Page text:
LONDON (Reuters) - Tougher restrictions announced on Monday by British Prime Minister Boris Johnson for areas of England classified as being at “very high” risk from COVID-19 will not be enough to control the outbreak there, the government’s top medic said.
Under the new three-tiered system, “very high” risk areas face pub closures and other restrictions on socialising.
Speaking at a televised news conference alongside Johnson, Chief Medical Adviser Chris Whitty urged local authorities in these so-called “tier-3 areas”, the worst-hit, to use their powers to introduce additional restrictions.
“I am not confident, and nor is anyone confident, that the tier 3 proposals ... if we did the absolute base case and nothing more, would be enough to get on top of it,” Whitty said.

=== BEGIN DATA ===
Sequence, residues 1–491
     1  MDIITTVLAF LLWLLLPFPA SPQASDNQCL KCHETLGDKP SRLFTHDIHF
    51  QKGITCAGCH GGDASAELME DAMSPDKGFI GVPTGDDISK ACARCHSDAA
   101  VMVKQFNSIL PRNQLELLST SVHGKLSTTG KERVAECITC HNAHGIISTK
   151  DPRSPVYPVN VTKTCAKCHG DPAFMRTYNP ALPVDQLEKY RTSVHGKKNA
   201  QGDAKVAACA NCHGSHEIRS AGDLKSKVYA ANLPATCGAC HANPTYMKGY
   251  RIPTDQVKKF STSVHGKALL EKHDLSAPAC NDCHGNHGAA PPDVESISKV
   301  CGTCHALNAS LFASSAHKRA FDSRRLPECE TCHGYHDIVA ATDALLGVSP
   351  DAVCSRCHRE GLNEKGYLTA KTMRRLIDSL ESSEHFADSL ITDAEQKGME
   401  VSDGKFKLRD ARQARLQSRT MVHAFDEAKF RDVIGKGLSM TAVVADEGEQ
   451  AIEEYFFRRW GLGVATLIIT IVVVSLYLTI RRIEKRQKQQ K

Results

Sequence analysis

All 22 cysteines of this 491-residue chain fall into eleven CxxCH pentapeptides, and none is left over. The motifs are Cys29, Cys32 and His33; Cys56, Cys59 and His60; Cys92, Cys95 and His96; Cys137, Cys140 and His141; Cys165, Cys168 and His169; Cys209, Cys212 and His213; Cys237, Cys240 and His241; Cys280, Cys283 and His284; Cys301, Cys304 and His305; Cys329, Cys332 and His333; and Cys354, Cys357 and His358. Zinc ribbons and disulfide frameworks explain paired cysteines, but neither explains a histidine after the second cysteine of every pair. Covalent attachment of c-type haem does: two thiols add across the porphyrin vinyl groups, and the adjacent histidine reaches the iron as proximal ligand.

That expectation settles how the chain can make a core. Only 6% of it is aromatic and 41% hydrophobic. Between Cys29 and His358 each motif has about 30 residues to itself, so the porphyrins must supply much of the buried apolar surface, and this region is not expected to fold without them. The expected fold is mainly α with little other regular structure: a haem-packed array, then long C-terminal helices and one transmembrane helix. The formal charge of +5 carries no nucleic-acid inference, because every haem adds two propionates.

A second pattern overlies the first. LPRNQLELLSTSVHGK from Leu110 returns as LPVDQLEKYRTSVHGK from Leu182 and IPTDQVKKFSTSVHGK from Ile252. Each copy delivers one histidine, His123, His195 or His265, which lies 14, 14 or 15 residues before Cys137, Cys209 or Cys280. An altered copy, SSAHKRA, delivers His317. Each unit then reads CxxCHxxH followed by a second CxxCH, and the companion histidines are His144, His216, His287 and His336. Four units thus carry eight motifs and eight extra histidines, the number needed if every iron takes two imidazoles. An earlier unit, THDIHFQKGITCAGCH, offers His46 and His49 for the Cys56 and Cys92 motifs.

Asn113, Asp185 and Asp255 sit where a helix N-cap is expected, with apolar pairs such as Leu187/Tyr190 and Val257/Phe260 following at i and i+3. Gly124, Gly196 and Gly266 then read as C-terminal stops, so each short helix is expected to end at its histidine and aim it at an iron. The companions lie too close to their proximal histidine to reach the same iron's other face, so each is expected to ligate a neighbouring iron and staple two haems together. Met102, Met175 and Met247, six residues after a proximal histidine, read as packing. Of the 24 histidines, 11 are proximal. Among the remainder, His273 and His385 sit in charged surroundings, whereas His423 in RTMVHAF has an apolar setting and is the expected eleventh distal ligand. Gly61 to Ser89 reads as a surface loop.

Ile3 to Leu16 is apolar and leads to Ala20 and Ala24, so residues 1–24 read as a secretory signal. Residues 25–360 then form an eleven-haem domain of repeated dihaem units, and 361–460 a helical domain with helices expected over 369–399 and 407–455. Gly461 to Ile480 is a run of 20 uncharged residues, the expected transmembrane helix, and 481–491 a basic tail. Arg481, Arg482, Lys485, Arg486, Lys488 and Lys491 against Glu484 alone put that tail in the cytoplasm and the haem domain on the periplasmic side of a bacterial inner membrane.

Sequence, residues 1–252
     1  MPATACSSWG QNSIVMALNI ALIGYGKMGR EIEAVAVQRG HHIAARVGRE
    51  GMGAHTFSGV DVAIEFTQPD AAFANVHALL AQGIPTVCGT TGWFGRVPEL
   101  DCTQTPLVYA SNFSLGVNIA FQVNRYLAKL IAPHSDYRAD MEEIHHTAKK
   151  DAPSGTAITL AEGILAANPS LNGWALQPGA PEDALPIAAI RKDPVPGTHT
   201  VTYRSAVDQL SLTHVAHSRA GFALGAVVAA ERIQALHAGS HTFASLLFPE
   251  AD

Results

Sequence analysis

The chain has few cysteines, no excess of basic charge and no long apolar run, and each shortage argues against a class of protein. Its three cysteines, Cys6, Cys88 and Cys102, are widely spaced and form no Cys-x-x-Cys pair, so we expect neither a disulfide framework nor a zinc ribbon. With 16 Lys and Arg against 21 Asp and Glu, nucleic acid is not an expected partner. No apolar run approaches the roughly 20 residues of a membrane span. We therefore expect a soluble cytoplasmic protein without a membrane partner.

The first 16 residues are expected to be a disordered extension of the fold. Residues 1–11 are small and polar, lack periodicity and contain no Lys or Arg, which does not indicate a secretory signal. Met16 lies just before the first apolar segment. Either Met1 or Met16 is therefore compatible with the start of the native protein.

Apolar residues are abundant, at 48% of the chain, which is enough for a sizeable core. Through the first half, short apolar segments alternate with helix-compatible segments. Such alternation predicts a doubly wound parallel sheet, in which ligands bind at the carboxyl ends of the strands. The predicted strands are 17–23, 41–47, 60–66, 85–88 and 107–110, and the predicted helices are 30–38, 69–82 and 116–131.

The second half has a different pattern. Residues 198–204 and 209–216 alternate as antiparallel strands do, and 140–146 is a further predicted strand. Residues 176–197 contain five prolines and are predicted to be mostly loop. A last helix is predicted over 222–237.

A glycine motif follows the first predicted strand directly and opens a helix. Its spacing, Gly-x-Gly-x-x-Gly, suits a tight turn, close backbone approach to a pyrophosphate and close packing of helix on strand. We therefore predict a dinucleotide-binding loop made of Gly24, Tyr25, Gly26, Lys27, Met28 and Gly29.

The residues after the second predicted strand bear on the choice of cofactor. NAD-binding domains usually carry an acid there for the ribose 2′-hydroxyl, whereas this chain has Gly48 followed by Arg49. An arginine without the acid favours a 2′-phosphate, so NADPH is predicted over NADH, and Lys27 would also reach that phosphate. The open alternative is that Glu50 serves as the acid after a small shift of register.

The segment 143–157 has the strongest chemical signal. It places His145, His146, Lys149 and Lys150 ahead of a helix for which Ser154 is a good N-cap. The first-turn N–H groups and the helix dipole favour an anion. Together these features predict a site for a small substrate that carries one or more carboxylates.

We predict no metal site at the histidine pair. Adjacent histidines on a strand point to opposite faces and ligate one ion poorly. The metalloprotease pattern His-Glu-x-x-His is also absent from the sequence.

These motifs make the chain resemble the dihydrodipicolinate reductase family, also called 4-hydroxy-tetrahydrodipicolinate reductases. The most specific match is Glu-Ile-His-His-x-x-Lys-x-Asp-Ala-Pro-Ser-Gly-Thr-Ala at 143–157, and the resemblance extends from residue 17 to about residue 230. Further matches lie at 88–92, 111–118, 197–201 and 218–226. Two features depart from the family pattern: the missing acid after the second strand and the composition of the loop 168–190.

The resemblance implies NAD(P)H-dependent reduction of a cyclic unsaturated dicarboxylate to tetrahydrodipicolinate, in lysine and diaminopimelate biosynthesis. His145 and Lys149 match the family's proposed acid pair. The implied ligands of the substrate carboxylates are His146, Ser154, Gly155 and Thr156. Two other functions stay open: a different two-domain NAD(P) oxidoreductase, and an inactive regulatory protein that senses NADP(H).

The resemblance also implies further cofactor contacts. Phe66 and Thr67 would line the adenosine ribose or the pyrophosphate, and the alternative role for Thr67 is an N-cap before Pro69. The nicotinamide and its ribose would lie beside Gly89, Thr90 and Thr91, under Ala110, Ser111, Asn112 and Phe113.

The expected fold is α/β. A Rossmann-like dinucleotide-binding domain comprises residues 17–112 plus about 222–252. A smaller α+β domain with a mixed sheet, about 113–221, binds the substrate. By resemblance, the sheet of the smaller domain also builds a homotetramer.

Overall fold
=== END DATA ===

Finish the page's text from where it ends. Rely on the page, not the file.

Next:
“And that is why there’s a lot of flexibility in the tier 3 level for local authorities, guided by their directors of public health, to go up that range so they can do significantly more than the absolute base,” he said.
So far, the city of Liverpool in northwest England and its surrounding area are the only part of England classified as “very high” risk or tier 3.
Other basic tier 3 restrictions include a ban on wedding receptions and the closure of indoor gyms, sports facilities, betting shops and casinos.
However, schools, cafes and restaurants remain open as do most workplaces, though where possible people are encouraged to work from home.
Reporting by Estelle Shirbon; Editing by Gareth Jones
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